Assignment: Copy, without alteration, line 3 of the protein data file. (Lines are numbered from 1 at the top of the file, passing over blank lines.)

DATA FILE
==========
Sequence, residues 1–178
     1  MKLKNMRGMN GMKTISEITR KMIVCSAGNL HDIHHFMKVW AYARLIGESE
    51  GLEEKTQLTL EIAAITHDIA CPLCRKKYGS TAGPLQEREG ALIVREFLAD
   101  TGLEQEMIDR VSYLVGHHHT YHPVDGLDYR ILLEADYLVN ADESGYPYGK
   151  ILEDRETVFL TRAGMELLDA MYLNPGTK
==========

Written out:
    51  GLEEKTQLTL EIAAITHDIA CPLCRKKYGS TAGPLQEREG ALIVREFLAD